Paul’s description of our spiritual suit of armor concludes with this admonition: “With every form of prayer and supplication you carry on prayer on every occasion in spirit. And to that end keep awake with all constancy and with supplication in behalf of all the holy ones.” (Ephesians 6:18) This indicates two positive steps we can take to overcome or prevent any spiritual weakness: Develop a good relationship with God, and form a close bond with fellow Christians.
When we have the habit of turning to Jehovah with prayers of “every form” (confession of our sins, petition for forgiveness, request for guidance, thanksgiving for blessings, praises from the heart) and “on every occasion” (publicly, privately, personally, spontaneously), we gain an intimacy with Jehovah. That is the greatest protection we can have.—Romans 8:31; James 4:7, 8.
On the other hand, we are admonished to pray “in behalf of all the holy ones,” that is, for our fellow Christians. We may in our prayers remember our spiritual brothers in distant lands who are suffering persecution or other hardships. But what about Christians with whom we work and associate day after day? It is proper to pray in their behalf also, even as Jesus prayed for his disciples. (John 17:9; James 5:16) Such prayers draw us close together and strengthen us to withstand the attacks of “the wicked one.”—2 Thessalonians 3:1-3.
Finally, keep firmly in mind the apostle Peter’s loving admonition: “The end of all things has drawn close. Be sound in mind, therefore, and be vigilant with a view to prayers. Above all things, have intense love for one another, because love covers a multitude of sins.” (1 Peter 4:7, 8) It is so easy to let human imperfections—other people’s and our own—work their way into our hearts and minds and become obstacles, stumbling blocks. Satan well knows this human weakness. Divide and conquer is one of his wily tactics. We must, therefore, be quick to cover over such sins with intense love for one another and not “allow place for the Devil.”—Ephesians 4:25-27.
Keep Spiritually Strong Now
When you notice that your hair is out of place or that your necktie is crooked, what do you do? You most likely straighten things out as soon as possible. Few people would simply leave them alone, feeling that such physical anomalies do not matter. Let us respond just as quickly when it comes to our spiritual weaknesses. Physical blemishes may invite people’s disapproving glances, but spiritual defects that are left uncorrected can result in Jehovah’s disapproval.—1 Samuel 16:7.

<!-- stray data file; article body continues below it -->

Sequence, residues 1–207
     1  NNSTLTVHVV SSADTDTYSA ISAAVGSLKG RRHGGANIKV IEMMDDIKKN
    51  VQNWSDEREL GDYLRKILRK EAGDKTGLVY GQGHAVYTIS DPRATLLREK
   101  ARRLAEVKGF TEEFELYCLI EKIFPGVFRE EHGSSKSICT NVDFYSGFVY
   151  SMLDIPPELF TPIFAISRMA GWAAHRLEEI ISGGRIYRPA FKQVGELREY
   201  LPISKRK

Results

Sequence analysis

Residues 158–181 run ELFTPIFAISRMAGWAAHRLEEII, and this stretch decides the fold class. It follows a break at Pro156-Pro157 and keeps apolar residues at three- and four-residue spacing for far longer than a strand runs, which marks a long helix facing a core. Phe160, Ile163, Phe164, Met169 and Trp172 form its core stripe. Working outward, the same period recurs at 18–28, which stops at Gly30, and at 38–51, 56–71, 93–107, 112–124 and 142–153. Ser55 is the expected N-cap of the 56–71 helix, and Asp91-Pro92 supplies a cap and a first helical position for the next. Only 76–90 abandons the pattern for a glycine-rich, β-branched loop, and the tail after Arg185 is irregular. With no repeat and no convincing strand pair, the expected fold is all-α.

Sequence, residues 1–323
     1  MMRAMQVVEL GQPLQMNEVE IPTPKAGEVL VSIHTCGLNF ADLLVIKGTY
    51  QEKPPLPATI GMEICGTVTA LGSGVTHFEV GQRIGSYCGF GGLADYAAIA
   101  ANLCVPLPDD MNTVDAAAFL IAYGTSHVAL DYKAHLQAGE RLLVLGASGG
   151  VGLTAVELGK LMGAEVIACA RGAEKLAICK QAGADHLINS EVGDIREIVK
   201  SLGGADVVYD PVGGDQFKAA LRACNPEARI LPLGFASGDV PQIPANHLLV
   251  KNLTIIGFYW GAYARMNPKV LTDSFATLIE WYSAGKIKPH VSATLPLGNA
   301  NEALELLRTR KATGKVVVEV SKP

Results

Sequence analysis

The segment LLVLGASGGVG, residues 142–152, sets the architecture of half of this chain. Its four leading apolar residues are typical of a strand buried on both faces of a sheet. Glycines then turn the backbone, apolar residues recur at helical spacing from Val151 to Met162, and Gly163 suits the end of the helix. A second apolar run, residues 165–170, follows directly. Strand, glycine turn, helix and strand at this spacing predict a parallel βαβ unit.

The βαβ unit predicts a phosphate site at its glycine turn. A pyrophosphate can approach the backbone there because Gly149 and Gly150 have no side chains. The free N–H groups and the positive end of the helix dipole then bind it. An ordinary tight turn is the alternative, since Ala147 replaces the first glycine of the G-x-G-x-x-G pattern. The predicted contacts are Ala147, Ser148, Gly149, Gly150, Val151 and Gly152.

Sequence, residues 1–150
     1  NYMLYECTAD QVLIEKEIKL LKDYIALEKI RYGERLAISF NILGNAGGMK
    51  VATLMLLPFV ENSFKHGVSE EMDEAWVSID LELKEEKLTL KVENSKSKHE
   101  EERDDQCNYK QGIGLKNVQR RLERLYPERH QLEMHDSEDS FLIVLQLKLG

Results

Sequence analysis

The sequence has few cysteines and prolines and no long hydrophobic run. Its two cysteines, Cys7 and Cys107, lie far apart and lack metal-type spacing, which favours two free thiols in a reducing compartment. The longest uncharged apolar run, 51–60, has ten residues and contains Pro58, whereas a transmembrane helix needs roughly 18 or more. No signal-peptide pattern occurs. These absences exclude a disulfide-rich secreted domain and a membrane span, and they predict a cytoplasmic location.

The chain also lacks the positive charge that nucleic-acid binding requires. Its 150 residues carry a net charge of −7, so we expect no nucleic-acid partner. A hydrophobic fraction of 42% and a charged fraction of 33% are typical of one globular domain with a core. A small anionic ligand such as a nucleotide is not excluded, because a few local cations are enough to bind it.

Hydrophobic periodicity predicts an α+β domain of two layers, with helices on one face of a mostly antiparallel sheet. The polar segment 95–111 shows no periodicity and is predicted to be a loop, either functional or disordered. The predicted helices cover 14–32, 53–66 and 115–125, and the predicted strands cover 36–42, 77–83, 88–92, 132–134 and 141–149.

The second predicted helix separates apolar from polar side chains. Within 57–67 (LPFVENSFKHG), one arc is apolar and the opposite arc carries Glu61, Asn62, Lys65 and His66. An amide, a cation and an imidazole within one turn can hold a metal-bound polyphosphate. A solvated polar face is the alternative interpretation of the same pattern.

Jehovah has lovingly given us all that we need to help us root out any spiritual weakness and to keep spiritually strong. By means of Christian meetings, Bible publications, and mature and caring fellow Christians, he provides constant reminders and pointers as to what we must do. It is up to us to accept and apply them. This takes effort and self-discipline. But recall what the apostle Paul honestly said: “The way I am running is not uncertainly; the way I am directing my blows is so as not to be striking the air; but I pummel my body and lead it as a slave, that, after I have preached to others, I myself should not become disapproved somehow.”—1 Corinthians 9:26, 27.
Be alert, and never allow a spiritual Achilles’ heel to develop. Rather, humbly and courageously let us do what is necessary now to recognize and overcome any spiritual weakness that we have.
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“KEEP TESTING WHETHER YOU ARE IN THE FAITH, KEEP PROVING WHAT YOU YOURSELVES ARE.”—2 Corinthians 13:5.
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“BE VIGILANT WITH A VIEW TO PRAYERS. ABOVE ALL THINGS, HAVE INTENSE LOVE FOR ONE ANOTHER, BECAUSE LOVE COVERS A MULTITUDE OF SINS.”—1 Peter 4:7, 8.
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ASK YOURSELF . . .
◆ Am I as eager to spend time preparing for meetings as I am to shop or watch TV?
◆ Do I envy the so-called good life that others are leading?
◆ Am I easily irritated when others do or say something not to my liking?
◆ Do I find counsel hard to accept, or do I feel that others are always picking on me?
◆ Do I find it difficult to get along with others?
◆ Have my standards been brought down along with the world’s?
◆ Do I have specific spiritual goals?
◆ What am I doing to reach my spiritual goals?
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Achilles: From the book Great Men and Famous Women; Roman soldiers and page 21: Historic Costume in Pictures/Dover Publications, Inc., New York